Irrespective of your opinion on Square Enix's more recent Final Fantasy efforts, it's impossible to deny the astonishing and far-reaching influence the franchise has had on RPGs in general. The early NES-based outings defined the boundaries of the genre, while the seminal 16-bit instalments of the '90s and the global smash hit that was Final Fantasy VII would propel the brand into the stratosphere. Born out of Hironobu Sakaguchi's anxiety to score a significant hit before jacking in game development altogether, Final Fantasy is arguably the only Japanese RPG to ever gain truly worldwide acceptance.
Bearing this in mind, the prospect of playing an entry in this esteemed lineage which not only celebrates past classics but also provides an entirely new story should fill each and every fan with near-uncontrollable excitement, yet Square Enix's announcement of Final Fantasy: Dimensions has been met with an uncharacteristically muted reception. The most obvious reason for this curious reaction is the game's quite monstrous price tag, which makes previous Square Enix iOS releases look like chump change in comparison.
Although the game costs nothing to download, you only get to play the prologue for free. After this initial section is complete - it totals about an hour - you're plunged headfirst into in-app purchasing territory. Final Fantasy Dimensions is divided into four chunks, the first of which costs a modest £1.99 and covers around five hours of gameplay. So far, so good. However, the remaining three instalments are weightier and consequently demand more cash: £6.99 a pop, to be precise.
Battling your way through the game in sections is advisable, but it's possible to make a small saving by grabbing the entire opus for £19.99 - a purchase that only the most dedicated fan is going to be able to make without their sphincter tightening up like a snare drum.
What this eye-watering price gets you is a localised version of the Japan mobile phone title Final Fantasy Legends: Hikari to Yami no Senshi. A collaboration between Matrix Software (who handled the Nintendo DS ports of the third and fourth Final Fantasy titles) and Square Enix, it was originally released in episodes from 2010 through to 2011, and followed in the footsteps of fellow mobile title Final Fantasy IV: The After Years.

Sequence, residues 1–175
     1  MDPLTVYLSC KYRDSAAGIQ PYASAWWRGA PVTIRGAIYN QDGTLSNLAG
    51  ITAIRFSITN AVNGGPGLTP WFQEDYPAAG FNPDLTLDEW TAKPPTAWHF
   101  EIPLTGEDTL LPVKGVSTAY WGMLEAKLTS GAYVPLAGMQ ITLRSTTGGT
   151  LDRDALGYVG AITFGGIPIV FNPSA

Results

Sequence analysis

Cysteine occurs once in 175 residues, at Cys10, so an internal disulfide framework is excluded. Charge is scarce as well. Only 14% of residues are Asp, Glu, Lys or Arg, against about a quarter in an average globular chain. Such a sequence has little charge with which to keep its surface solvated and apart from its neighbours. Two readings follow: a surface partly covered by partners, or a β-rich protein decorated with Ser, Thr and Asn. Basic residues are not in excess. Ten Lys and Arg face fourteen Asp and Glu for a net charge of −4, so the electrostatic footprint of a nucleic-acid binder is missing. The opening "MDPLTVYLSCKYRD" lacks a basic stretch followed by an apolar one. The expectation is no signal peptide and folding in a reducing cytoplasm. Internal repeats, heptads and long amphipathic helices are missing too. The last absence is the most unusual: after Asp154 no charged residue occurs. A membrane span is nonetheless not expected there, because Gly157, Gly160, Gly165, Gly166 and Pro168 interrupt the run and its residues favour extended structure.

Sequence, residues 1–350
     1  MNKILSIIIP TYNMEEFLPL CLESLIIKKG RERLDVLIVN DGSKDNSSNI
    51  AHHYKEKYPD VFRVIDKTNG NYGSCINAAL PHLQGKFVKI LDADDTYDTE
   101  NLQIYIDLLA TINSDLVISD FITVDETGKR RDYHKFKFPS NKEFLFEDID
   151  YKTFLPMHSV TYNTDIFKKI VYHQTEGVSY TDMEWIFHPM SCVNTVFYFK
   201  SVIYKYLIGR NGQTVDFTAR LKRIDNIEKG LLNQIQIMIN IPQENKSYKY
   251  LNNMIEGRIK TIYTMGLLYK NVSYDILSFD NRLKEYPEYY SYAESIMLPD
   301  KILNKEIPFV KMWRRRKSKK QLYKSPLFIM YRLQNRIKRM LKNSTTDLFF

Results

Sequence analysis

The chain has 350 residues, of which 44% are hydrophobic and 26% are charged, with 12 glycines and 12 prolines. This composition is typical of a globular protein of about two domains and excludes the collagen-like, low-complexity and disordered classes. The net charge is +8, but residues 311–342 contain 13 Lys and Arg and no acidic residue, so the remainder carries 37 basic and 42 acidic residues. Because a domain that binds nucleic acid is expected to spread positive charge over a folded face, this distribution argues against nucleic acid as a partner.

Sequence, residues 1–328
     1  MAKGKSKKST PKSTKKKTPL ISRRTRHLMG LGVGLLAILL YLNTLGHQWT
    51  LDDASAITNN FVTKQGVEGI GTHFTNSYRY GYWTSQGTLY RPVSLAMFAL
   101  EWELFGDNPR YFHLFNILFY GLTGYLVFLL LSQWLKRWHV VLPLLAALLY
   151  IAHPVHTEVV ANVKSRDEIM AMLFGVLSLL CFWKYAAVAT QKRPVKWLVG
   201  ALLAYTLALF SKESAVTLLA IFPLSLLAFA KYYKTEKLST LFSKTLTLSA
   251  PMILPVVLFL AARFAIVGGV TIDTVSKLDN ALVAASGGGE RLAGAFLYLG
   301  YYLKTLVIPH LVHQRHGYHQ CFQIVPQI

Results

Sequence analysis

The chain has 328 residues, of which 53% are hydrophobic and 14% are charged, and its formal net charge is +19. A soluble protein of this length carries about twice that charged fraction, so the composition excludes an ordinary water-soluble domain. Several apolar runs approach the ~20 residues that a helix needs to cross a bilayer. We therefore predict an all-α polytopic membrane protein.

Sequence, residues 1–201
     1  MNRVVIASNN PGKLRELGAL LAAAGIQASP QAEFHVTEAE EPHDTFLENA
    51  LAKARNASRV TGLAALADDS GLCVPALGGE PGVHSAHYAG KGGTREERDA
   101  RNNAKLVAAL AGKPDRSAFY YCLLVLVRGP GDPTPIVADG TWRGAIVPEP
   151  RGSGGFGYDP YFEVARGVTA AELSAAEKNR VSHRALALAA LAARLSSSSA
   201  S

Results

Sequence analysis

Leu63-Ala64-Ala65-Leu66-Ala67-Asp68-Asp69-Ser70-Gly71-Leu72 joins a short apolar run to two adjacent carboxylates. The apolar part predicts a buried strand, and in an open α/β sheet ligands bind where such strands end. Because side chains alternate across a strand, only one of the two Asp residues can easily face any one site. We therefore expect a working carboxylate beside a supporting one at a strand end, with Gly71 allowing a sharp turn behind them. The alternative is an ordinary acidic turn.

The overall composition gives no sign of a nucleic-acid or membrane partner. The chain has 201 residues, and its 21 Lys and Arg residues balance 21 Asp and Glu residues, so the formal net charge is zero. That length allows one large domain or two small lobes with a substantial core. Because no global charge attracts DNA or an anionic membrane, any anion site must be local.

This iOS incarnation is a beautified version of that game (an Android version is also in the offing), with enhanced visuals and upgraded audio. And, although it's scarcely believable, we westerners are actually getting this new adventure for a drastically reduced retail price - in Japan, it cost around twice as much for all of the different chapters.
It may be hard to consign that sky-high download price to the back of your mind, but when judged apart from its monetary value, Final Fantasy: Dimensions is a real joy. It cherry picks all the best elements from the early 2D entries in the series, offering the lush, pixel-heavy designs of Final Fantasy IV and combining them with the stunningly customisable Job system that made its debut in Final Fantasy III.
The storyline, while unlikely to land any awards for originality, is grand enough, focusing on two bands of heroes divided by a cataclysmic event which tears their world into two distinct planes of existence: light and dark. Control is batted between these two groups throughout the game, allowing the narrative to expand in different directions.
While the hostility being directed towards Final Fantasy: Dimensions' price point is somewhat understandable - after all, there are old-school iOS RPGs which cost less than a quid - it remains a noteworthy entry nonetheless. There's well over 40 hours of quality RPG action on the table here, as well as an experience which compares very favourably indeed with the glory days of the SNES period. As the saying goes, you get what you pay for.
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